I would like to show the use of the Python Interpreter in applications. Though this is an MFC sample presented in the article, you are not limited to use it in MFC only. Any GUI toolkit can be used as the front end.
A Gtk implementation of the front end is also provided for which you will need the gtk 2.12 runtime installed, which is freely available.
Many of you might have seen the numeric input fields in most commercial CAD and scientific applications that facilitate the user to write mathematical expressions. This is to allow the user to use the edit box or the spinner box as a calculator on the fly. I was very much fascinated with this functionality and always wanted to easily have it in my applications. Writing a parser was a long job. When I just started learning Python, I came to know that it was a beautiful calculator by itself. You just need to type the expression on the command line and return -- you get the answer for any math function the C programmer is familiar with. After a long search on the net and the Python API doc, I finally came to know how to simply send a
string to the interpreter and retrieve the results. I leveraged this ability of the Python API to embed it into a dialog box.
Using the Code
For using the code, you need Python 2.5 installed. It is freely available. You must set the include and lib paths in your Visual Studio environment.
Generally if you install Python with the default installer settings, it gets installed in C:\Python25 folder.
You will find an 'include' folder, a 'Lib' folder and a 'libs' folder. Remember, the libraries are in the 'libs' folder and not in the 'Lib' folder.
The trick is that we will get the string the user enters in the edit control, pass it to the Python interpreter, get the result and write it back to the edit control. All this is done when the control loses focus.
Include the Python.h header.
Add the python25.lib to the additional libraries required.
double res = EvalExpression(m_Expr2);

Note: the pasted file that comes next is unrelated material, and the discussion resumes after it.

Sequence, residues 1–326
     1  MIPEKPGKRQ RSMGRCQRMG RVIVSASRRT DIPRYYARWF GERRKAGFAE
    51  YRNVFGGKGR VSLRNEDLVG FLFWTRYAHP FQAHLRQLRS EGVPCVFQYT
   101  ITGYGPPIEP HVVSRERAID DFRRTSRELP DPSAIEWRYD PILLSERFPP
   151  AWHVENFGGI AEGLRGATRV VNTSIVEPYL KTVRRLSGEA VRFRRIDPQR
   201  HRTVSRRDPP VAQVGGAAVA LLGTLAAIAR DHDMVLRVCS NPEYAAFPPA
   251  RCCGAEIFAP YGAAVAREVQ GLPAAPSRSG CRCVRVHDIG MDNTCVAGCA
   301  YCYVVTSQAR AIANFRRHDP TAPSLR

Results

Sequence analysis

double CPyEmbedMFCDlg::EvalExpression(CString iStr)
char* expr = iStr.GetBuffer(0);
PyObject * main_mod = NULL;
PyObject * main_dict = NULL;
PyObject * obj = NULL;
main_mod = PyImport_AddModule("__main__");
main_dict = PyModule_GetDict(main_mod);
PyRun_SimpleString("from math import *");
obj = PyRun_String(expr, Py_eval_input, main_dict, NULL);
if (obj != NULL)
lval = PyFloat_AsDouble(obj);
It is as simple as that. Every GUI toolkit gives you some or the other kind of text editing component. In MFC, I have used the
CEditCtrl in conjunction with the
CSpinButtonCtrl. In Gtk, you get the
GtkSpinButton withe the spinner integrated. The common thing is that you have to handle the focus losing event to call the evaluation code. In the Gtk sample, I have done it for both focus losing and keyboard's enter event.
In the sample provided, enter the mathematical expression in any edit control and press tab to change the focus and you will get the evaluated result in the control itself.
Note: To run the application, you need not have Python installed. The Python25.dll is shipped with the sample. Similarly you need to only ship the same when packaging your application.
Points of Interest
You can use all the C syntax of entering mathematical expressions including trigonometric functions and others. Constants pi and e are also supported. Refer to the Python manual for the supported mathematical calls.
See the function responsible to enable the math library functions:
PyRun_SimpleString("from math import *");
Building the example in debug mode
If you build the example in debug mode, you will get an error: "cannot open file "python25_d.lib". To resolve this issue, make a copy of the existing python25.lib in your python installation "libs" folder and rename it to python25_d.lib and it will compile. You need to do this to build the debug version only. The release version will build without issues. Inspite of adding python25.lib in Additional Dependencies in the Debug configuration linker input setting, this error appears, and so I have found this workaround. It would be helpful if someone can throw some light on this issue.
- 16th December, 2008: First release.. and probably final